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Sunday, March 11, 2012


Brian Roodt adds his comments about Pieter-Dirk Uys’s latest show

“Adapt or Dye” – “Adapt or Fly” – Pieter Dirk Uys is back after a (too)-long absence in Durban and the Elizabeth Sneddon Theatre.

The lights go up on an almost bare stage save for a screen covered in newspaper pages, a cardboard box draped with the old and new SA flags all of which hints at what’s to come.

Uys stands in front of the screen his upper body hidden behind a newspaper. He moves forward lowering the newspaper as he does to reveal Adolf Hitler. So begins an unusual but amusing (is it nervous laughter?) history lesson which chillingly shows history repeating itself.

Hitler, the Third Reich, dictatorship, lebensraum, chosen volk, the banishment of the ‘not-chosen’ to ghettos, genocide.

Skip forward to Uys’s childhood – the son of a ‘mixed’ marriage (conservative Afrikaaner father and European Jewish mother) growing up in the company of the family ‘ooms’ – a progression of NP leaders and their increasingly repressive laws starting with the first apartheid Prime Minister of South Africa, Dr. DF Malan, and onwards, all of whom Uys characterises in his inimitable satiric style made all the more funny by his use of rhyming doggerel to introduce each character.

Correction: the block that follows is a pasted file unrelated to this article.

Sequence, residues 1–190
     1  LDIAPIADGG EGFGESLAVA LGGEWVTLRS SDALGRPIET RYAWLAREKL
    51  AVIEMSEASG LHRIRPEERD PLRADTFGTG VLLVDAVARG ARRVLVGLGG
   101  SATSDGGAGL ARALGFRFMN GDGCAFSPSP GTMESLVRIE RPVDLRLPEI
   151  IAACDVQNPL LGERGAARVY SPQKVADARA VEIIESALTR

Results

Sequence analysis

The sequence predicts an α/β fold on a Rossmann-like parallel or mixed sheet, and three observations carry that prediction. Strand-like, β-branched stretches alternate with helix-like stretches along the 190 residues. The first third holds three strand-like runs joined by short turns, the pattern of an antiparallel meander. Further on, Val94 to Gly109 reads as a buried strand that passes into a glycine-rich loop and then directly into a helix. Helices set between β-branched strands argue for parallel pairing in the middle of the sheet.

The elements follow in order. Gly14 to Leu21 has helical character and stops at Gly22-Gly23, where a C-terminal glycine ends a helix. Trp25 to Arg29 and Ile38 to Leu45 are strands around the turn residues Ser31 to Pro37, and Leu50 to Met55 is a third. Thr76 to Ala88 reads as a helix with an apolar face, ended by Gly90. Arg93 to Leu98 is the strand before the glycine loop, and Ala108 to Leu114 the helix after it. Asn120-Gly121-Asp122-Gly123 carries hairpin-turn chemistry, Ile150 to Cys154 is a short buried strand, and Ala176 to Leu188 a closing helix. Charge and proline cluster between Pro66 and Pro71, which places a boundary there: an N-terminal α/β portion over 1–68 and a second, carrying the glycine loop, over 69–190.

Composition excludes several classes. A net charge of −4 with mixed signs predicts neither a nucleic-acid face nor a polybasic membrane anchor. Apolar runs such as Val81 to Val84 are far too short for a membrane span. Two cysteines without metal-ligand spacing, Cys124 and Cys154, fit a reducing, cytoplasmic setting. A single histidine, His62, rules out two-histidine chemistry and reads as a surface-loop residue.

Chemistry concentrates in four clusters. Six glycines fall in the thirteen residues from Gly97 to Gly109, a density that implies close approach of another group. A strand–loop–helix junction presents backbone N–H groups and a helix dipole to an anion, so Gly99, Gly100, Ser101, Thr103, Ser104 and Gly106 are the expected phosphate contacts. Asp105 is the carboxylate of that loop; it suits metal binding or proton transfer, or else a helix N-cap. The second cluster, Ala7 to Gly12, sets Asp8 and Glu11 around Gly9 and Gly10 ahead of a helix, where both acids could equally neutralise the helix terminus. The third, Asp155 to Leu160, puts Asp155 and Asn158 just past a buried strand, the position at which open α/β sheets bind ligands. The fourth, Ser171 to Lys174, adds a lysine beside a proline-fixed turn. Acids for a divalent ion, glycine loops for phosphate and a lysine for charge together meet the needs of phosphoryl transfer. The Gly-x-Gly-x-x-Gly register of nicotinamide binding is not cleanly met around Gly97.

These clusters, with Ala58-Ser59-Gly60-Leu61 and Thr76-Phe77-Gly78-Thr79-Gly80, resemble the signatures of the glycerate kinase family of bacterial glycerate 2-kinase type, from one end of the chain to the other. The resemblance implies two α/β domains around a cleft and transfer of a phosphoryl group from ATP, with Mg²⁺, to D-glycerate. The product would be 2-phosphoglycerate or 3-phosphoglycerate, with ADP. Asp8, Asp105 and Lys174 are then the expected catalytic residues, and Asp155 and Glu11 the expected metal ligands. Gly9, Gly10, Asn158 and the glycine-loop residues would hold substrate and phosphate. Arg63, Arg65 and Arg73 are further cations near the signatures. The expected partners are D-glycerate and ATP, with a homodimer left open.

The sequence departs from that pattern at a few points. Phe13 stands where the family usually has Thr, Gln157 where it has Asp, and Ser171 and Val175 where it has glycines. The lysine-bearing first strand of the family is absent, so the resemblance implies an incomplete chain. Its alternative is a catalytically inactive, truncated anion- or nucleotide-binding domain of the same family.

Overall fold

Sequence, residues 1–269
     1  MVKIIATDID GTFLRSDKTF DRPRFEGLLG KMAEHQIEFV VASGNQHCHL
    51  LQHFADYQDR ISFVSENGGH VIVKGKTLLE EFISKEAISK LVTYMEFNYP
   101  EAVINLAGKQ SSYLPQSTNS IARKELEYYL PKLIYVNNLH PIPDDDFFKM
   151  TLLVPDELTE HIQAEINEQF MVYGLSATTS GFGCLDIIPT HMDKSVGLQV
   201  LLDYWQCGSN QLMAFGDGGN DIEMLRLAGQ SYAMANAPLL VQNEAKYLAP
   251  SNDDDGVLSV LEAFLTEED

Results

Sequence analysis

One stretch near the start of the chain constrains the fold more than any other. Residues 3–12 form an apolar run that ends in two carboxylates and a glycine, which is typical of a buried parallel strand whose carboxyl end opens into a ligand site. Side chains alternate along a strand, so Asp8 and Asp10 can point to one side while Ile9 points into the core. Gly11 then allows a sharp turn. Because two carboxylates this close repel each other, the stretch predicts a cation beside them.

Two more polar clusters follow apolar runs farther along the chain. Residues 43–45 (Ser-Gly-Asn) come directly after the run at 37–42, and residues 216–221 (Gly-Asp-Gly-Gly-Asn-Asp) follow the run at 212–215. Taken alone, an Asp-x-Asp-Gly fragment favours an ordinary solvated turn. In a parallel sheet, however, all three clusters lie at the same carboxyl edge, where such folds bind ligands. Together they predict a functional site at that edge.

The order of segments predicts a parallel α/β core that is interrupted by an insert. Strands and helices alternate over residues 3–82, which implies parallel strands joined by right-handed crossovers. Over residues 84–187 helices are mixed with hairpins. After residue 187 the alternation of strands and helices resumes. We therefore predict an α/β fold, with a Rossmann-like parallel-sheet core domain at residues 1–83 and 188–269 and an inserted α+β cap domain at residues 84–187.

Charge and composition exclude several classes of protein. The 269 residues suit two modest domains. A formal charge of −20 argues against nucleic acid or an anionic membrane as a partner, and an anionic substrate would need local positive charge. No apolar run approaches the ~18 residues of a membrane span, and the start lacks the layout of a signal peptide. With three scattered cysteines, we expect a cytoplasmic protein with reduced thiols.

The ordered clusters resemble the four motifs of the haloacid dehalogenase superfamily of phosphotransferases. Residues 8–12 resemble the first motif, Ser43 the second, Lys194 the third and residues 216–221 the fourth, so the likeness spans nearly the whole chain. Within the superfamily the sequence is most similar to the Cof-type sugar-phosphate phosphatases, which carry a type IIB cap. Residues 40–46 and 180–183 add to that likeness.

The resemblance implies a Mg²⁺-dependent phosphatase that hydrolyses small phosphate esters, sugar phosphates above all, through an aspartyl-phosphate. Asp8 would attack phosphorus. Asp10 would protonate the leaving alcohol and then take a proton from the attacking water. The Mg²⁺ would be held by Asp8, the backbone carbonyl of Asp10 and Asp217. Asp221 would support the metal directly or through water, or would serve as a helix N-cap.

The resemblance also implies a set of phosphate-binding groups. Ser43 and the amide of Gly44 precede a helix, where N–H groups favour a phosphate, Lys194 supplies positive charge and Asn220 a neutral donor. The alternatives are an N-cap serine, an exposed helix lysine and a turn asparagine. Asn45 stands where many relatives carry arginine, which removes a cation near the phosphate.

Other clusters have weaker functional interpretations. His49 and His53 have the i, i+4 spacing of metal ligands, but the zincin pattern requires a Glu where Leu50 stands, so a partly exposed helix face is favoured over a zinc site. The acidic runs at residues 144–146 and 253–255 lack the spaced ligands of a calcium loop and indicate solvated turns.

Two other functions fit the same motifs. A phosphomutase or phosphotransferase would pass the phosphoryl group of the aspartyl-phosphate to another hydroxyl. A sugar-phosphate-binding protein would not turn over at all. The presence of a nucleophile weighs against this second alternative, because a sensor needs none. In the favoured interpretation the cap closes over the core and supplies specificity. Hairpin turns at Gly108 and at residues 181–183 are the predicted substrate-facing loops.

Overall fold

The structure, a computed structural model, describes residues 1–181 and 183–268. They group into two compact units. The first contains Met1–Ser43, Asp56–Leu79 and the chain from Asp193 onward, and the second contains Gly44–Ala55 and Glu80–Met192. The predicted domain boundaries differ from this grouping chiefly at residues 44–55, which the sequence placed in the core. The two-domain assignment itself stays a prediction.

And they’re all there, the Uys characters we’ve all come to know and love – BJ Vorster; finger-wagging, lip-licking PW, Pik the other Botha and Piet Koornhof who ended up in a mixed marriage of his own. Uys at his lovable best.

It’s after interval and the move into democracy that Uys become a little more unsure of himself and his characters – FW, Madiba, Mothlanthe (fortunately for Uys he wasn’t around for long), Zuma and, of course JuJu who is also referenced in the first half of the show. Uys copes by using characters he’s much more familiar and comfortable with – an aged and the younger Nowell Fine and of course Tannie Evita.

The lesson remains stark. It happened under Hitler, it happened under apartheid, could it be happening yet again as Uys skips forward to the elections of 2014 and the threat of JuJu politics?

Pieter Dirk Uys is moving on but he remains ever relevant. Adapt or Dye shone a light on the horrors of apartheid. Adapt or Fly reminds those of us who were around at the time and serves to shine a light into a dark past for those who were born into democracy. Lest we forget.

Adapt or Fly runs until March 18. Performances nightly at 20h00 (Sundays at 15h00) Tickets R140 through Computicket 0861 915 8000 or at

Young or older, Uys deserves to be seen and heard. – Brian Roodt